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Respecting spot ownership

Respecting spot ownership

All photo credits: Brady Miller

When it comes to hunting out West on public land there are no secret spots. No matter how secluded or hard to reach someplace is there are countless people who have that exact spot pinned or have already hunted there. However, there is often unspoken respect and spot ownership for specific honey holes that someone you know has found and proven over the years. Though this is not often talked about, it should be because understanding how secret your hunting buddy has made a spot will keep it better for longer and maintain your relationship with that friend. Once a good spot gets into the wrong hands, everyone in your town, county and online forum will understand exactly how, when and where to hunt. The following year could have two to three extra people or 20 to 30 extra people hunting it because you let it slip and word got out. Ultimately, the animals will move to another spot and the new spot will become the new honey hole; however, it’s not fair or respectful to the person you know who put the boots on the ground year after year to finally discover a consistently good spot.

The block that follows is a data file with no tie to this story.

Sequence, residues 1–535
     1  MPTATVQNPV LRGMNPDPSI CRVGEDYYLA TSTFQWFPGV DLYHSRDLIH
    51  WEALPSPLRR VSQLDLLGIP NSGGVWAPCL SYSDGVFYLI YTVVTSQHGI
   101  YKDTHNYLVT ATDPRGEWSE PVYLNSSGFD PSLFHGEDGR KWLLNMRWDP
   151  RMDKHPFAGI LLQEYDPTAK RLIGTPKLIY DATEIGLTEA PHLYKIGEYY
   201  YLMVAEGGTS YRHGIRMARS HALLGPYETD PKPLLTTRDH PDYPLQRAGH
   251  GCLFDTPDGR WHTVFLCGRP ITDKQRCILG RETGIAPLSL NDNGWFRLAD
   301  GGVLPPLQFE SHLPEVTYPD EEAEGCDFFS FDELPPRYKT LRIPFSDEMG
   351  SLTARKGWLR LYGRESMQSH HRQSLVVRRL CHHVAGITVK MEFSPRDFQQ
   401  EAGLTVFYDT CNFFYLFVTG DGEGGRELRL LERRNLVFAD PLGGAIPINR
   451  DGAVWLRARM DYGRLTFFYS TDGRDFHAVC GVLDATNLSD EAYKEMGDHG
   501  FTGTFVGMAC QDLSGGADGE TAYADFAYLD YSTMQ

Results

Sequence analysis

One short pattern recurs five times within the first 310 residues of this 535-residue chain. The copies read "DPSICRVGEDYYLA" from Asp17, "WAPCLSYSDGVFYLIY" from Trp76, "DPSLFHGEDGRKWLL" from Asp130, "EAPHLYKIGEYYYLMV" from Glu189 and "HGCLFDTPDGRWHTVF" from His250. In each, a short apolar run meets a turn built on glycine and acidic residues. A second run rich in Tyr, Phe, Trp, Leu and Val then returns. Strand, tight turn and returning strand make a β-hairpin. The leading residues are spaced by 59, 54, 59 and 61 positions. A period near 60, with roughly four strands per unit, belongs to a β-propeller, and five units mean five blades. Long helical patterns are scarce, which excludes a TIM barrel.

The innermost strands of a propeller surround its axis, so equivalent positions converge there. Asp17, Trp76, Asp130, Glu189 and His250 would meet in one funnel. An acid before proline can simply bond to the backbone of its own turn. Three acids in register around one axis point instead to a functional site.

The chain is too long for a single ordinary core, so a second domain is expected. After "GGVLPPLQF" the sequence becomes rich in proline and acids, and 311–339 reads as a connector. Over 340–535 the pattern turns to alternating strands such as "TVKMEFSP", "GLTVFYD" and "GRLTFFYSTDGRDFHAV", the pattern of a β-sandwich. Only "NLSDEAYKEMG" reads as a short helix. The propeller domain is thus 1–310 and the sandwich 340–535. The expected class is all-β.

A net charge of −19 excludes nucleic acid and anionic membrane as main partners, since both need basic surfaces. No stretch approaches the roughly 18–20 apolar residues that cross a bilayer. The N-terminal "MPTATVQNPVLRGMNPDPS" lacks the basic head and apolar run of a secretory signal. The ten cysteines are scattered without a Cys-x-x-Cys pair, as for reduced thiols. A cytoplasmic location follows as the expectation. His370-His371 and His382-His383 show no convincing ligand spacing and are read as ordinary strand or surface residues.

Communication is key

Communication is key

There are some very common problems that occur amongst friends and hunting buddies that may not be fully understood or talked about prior to the season. Before going hunting this year, it is important to talk to your hunting partners about spot ownership and what rights you all expect to have as well as the secrecy you expect to maintain as to where you are hunting. Finding good spots that have less pressure in the West is hard and a lot of hunters are looking for an easy way to get into animals with little to no effort. It is this desire to be spoon fed a great spot that is the reason you should not be telling people exactly where you went, especially if you are successful. A lot of people you tell have the mentality that it’s public land so no one can stop them from hunting it. While this is true, in my opinion, people who hear you talk about specific drainage and then hunt it do not make good hunting partners or good people. Public land might be public land, but if you are stealing someone’s spot without asking them, it shows laziness and lack of respect for that person. These issues get a little more complicated when you are hunting with someone either in a partnership or a mentor/mentee relationship. Below is my take on how spot ownership should be managed for specific relationships. You may have different ideas and that is okay because, ultimately, as long as you are communicating these ideas with the people you are hunting with then you shouldn’t be damaging any relationships.

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Hunting partners in a new spot